By the time you read this (unless you’re reading it online, in which case you’re probably too early), I’ll be up at the church cooking. The sun came out today for the first time in a month, so it may finally be summer. Around here that means the Yarmouth Clam Festival (July 17-19) and the Yarmouth Clam Festival means hot dogs.
That’s right, hot dogs. Not everyone can afford fried clams and lobster rolls, but everyone can afford a hot dog. And I grill up a mean dog, if I do say so myself.
Most years I take the parade shift on Friday nights, because once the parade ends, the crowd turns around three and four deep and demands cheap eats. Sometimes we can’t cook ‘em as fast as they can eat ‘em. So a veteran hot dog chef is a must.
When you’re trying to stay ahead of demand, you need a system. Every year some neo-frank tries to impose his or her own system on the hot dog operation, but those of us with seniority soon set them straight. You need one person grilling the dogs, one buttering and grilling the rolls, and one assembling them, putting them in cardboard sleeves, and passing them up to the servers.
Actually, it’s usually inexperienced servers who mess things up. Not a lot of folks in town have experience waiting on the public. They’ll try to pass food and make change, a sanitation and logistical no-no. Visit any serious hot dog stand and you’ll see what I mean, and I’ve visited them all.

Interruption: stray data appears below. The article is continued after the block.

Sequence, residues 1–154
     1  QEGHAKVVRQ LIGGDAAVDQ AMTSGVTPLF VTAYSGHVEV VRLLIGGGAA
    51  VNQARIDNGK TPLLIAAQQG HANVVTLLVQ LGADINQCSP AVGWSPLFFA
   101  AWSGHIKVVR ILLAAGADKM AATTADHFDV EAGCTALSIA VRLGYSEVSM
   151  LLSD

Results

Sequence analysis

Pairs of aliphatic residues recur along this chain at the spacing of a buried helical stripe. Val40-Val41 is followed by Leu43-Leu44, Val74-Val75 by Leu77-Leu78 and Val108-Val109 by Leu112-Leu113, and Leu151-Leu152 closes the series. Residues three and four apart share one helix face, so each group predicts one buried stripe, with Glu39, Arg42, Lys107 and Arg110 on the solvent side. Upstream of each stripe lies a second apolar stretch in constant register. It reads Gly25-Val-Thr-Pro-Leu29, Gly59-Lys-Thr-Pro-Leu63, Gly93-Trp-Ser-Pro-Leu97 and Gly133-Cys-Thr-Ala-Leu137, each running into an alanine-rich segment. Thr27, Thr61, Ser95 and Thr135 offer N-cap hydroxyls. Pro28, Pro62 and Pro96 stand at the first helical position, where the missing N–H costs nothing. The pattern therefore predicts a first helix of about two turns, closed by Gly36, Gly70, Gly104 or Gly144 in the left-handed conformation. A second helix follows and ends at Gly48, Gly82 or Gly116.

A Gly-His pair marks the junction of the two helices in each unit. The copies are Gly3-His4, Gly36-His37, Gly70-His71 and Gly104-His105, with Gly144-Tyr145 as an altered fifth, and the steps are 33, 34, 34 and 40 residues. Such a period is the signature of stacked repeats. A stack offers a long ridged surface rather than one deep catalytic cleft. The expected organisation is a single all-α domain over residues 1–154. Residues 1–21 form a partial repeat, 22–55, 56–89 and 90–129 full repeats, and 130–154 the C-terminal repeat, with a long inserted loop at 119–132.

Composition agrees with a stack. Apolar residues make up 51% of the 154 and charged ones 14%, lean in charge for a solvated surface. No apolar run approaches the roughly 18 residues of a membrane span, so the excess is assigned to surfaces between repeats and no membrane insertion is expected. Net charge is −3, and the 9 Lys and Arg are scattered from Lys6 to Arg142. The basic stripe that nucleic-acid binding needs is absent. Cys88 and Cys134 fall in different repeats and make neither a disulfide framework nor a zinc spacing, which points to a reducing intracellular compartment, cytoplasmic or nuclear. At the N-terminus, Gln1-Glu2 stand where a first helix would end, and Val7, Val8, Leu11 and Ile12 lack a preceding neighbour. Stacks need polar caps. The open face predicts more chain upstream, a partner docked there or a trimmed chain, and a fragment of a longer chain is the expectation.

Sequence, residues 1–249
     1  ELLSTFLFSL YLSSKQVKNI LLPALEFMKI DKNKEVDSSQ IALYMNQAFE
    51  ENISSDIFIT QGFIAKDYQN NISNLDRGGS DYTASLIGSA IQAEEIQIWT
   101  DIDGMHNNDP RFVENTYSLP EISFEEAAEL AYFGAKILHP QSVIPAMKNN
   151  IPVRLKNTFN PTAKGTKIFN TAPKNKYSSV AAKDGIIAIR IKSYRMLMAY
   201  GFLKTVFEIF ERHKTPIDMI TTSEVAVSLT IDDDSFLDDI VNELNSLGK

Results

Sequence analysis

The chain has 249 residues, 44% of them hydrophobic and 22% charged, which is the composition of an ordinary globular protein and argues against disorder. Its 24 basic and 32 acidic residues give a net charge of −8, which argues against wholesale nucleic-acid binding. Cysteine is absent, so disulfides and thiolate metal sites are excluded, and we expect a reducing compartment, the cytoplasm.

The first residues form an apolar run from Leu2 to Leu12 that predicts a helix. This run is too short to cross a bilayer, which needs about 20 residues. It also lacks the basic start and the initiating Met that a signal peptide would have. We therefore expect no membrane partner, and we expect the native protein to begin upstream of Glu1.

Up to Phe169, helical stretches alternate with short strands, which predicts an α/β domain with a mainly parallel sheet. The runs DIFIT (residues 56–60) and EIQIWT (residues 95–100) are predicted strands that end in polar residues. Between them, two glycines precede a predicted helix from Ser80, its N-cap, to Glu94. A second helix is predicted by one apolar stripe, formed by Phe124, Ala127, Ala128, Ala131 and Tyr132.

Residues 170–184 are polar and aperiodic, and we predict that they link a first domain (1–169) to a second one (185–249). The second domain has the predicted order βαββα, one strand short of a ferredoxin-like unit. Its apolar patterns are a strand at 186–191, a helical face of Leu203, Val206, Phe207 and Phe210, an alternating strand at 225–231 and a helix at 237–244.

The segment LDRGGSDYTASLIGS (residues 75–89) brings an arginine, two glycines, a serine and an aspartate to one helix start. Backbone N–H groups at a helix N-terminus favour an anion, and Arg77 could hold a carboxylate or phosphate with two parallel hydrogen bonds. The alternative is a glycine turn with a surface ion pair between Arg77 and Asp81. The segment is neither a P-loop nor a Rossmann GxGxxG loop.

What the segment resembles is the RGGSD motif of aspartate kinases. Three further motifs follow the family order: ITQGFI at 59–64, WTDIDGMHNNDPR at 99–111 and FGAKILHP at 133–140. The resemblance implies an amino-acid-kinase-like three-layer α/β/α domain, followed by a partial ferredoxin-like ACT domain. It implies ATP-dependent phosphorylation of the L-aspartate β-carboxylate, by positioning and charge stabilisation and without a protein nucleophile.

If you’re real good, like Mark Gatti at Mark’s Hot Dogs in Portland’s Old Port or Jess Cady down on Commercial Street, you can probably do everything yourself, but most dog joints break the labor down into discrete chores. I’ve never had anyone at Danny’s on the Green in Brunswick, for instance, both fill my order and take my money. And my order is usually the same – one with mustard and relish, one with chili, and a root beer.
Personally, I’m a steamed dog man. Both Mark’s and Danny’s serve great steamed hot dogs, hot and snappy, as do Flo’s on Route 1 in Cape Neddick, Dunton’s Doghouse in Boothbay Harbor and Simone’s in Lewiston. But out on the church lawn, we grill them, as do Wasses in Rockland and Belfast and Bolley’s Famous Franks in Hallowell. To paraphrase the song, if you can’t steam the one you love, eat the one you grilled.
Of course, hot dogs have about as much nutritional value as the napkin they’re served on, but hot dogs aren’t about nourishment, they’re about filling the void. They’re comfort food. I love them, but I will never again make the mistake of trying to subsist on them, as I did during my sophomore year in college.
My roommate Roland and I had a little electric hot dog cooker with prongs that stuck into each end of the dog. Close the lid and, zap, dinner was served. Our weekly shopping consisted mostly of hot dogs, buns, and a few bags (yes, bags, five bottles to a bag) of Rheingold beer. After two months of this sophomoric diet, Roland had to carry me home, where I spent the next semester recovering from mononucleosis and trying to make up all my math homework.
These days, of course, I’m more mature and much more circumspect about what I eat. I only eat hot dogs in season. And, being an enlightened environmentalist, I try to eat local whenever possible. Then again, what’s more local than a hot dog?
The Universal Notebook is Edgar Allen Beem’s weekly personal look at the world around him.